Twin skegs have a lot going for them and afford protection from big floating debris like logs better than a single skeg. Large displacement-sized twin rudders, benefiting from prop wash for maneuverability will be better protected than twin rudders on sailboats.

My experience with debris has been very fine and poorly marked nets in Southeast Asia and 200 meters of floating 14mm line, likely cast off a tuna seiner in the western tropical South Pacific. On four separate events, (this stuff is really hard to see, net floats are the size of a used bar of soap; the floating line was blue and visible only after snagging it) the material was hung up on a forward hull zinc, which is mounted on posts or the hydraulic stabilizers. Only once did fine gill net wind into a big ball on the prop. I have to note the success of the prop-shaft line cutters in two other operator-error events.

Dead in the water meant diving my running gear; or stabilizers in the case of the floating line, (in the water over an hour) in the open ocean, on a rolling boat and is a lasting memory.

I’m lucky for daylight each time, I’ve since purchased an underwater light that will attach to a mask strap.

I never thought that twins would get the nod but I’m convinced after your unshakable analysis and conclusion, that twins are the reliable choice. The benefit of maneuverability is just a bonus. Using all your equipment all the time will bring better reliability than my current practice of running the wing monthly under full load for at least an hour. That exercise, with shaft locks, inadequate electrical generation and disabled stabilizers needs to be planned in advance and is a nagging pain. Maintaining a Gori prop requires getting in the water every two weeks to run the shells of the critters out of the exposed gears.

You’ve won me over. A strong wing isn’t Cheap but it’s the next best solution if you want a sturdy, reliable second choice that is immediately available.

There’s one additional, sometimes difficult step to using the wing. Getting the purpose-built spanner on the shaft’s notches to keep it from spinning is not possible if the prop is free-wheeling. Getting the shaft stopped where the notches are accessible also takes some effort.

Thanks for bringing the topic and starting the conversation.

Rene

Comment to RDE reply: re stop solenoids. Have had a few problems with stop solenoids on motorhome and truck, both Cummins where they closed the fuel supply somewhat, not all the way Remedy was to remove solenoids and went back to the old system, by pulling a cable to stop engine. As to the computer related problems on the other boats, on one the engine “bolted” and con-rod broke. I just prefer the proven and tested older style diesels, the combination of electronics with a moist salty environment….. ????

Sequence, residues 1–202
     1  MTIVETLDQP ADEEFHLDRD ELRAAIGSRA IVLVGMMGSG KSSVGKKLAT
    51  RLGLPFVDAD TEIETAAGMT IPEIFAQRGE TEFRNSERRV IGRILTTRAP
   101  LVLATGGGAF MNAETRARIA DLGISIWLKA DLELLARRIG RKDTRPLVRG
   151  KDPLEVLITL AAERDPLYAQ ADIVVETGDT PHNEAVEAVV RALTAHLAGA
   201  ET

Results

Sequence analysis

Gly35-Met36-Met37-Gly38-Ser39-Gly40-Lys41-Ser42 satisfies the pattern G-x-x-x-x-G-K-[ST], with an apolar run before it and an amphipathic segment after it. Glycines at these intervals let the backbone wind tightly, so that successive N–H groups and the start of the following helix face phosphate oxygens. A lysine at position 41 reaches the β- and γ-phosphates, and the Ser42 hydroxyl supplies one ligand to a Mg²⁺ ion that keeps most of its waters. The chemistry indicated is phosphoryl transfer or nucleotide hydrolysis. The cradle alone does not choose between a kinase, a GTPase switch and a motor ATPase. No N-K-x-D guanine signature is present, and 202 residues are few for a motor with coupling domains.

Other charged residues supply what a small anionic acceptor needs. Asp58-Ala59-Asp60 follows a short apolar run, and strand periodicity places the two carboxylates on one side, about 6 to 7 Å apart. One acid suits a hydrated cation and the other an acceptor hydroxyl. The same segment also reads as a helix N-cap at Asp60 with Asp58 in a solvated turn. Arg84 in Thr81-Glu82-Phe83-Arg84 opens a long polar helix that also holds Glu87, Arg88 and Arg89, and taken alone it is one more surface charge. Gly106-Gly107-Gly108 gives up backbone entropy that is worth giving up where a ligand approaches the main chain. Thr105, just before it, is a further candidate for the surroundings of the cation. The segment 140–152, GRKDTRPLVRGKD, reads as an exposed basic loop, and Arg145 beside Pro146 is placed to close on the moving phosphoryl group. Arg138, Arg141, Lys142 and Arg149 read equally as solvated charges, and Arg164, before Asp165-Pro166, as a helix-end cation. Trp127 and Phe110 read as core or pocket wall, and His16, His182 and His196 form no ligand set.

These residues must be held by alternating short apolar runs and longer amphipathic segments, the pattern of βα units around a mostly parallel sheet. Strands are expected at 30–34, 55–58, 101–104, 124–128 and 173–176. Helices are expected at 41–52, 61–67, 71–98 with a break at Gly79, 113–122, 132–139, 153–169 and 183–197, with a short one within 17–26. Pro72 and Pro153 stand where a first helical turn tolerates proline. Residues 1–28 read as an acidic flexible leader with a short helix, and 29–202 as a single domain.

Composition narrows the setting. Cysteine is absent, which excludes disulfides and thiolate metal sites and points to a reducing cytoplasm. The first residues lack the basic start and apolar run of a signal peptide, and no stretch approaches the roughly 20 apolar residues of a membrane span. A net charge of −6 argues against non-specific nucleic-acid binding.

RDE

Same experience here, only it was a $170,000 V-12 that ran away. I wasn’t there to observe, but I was told the Captain and CAT factory mechanic clawed each other up pretty badly when they both tried to get out of the engine room at the same time as pistons and flying bits started hitting the ceiling.

Jurjen Hoekstra

Hi John, reading your articles on the ‘get home’ discussion, I follow your logic for twin engines. I do not agree or disagree, but had different arguments when I had my 55 foot single engine motoryacht build. In discussion with a very knowledgeable friend who owned several motoryachts and is engineer by profession, we came to the conclusion that based upon research it appears that approx. 90 % of diesel engine problems are related to either cooling or fuel problems. Also if a cooling or fuel problem occurs, it is not said that only one engine will have the problem, high chance both engines will suffer. Furthermore engines of a reputable brand nowadays are very reliable. I therefore decided to build in a heavy duty version of a Doosan L086TIH (intended for workboats), that delivers it’s max torque at lower RPM, has a better fuel efficiency than the light duty version (for yachts) and basically can run at 80 % of it’s load the rest of it’s life. I further invested in a reliable cooling and fuel system instead of a twin engine. The cooling system has double big water inlet filters and the cooling system is not weakened by using the cooling water to heat a boiler. Also a water inlet alarm and exhaust alarm were added. The fuel system has a double Racor filter and a separate fuel reconditioning system was installed to always maintain clean fuel. I have not yet many hours on the engine, but with the mentioned precautions I hope to have created a very reliable ‘single engine system’. Jurjen Hoekstra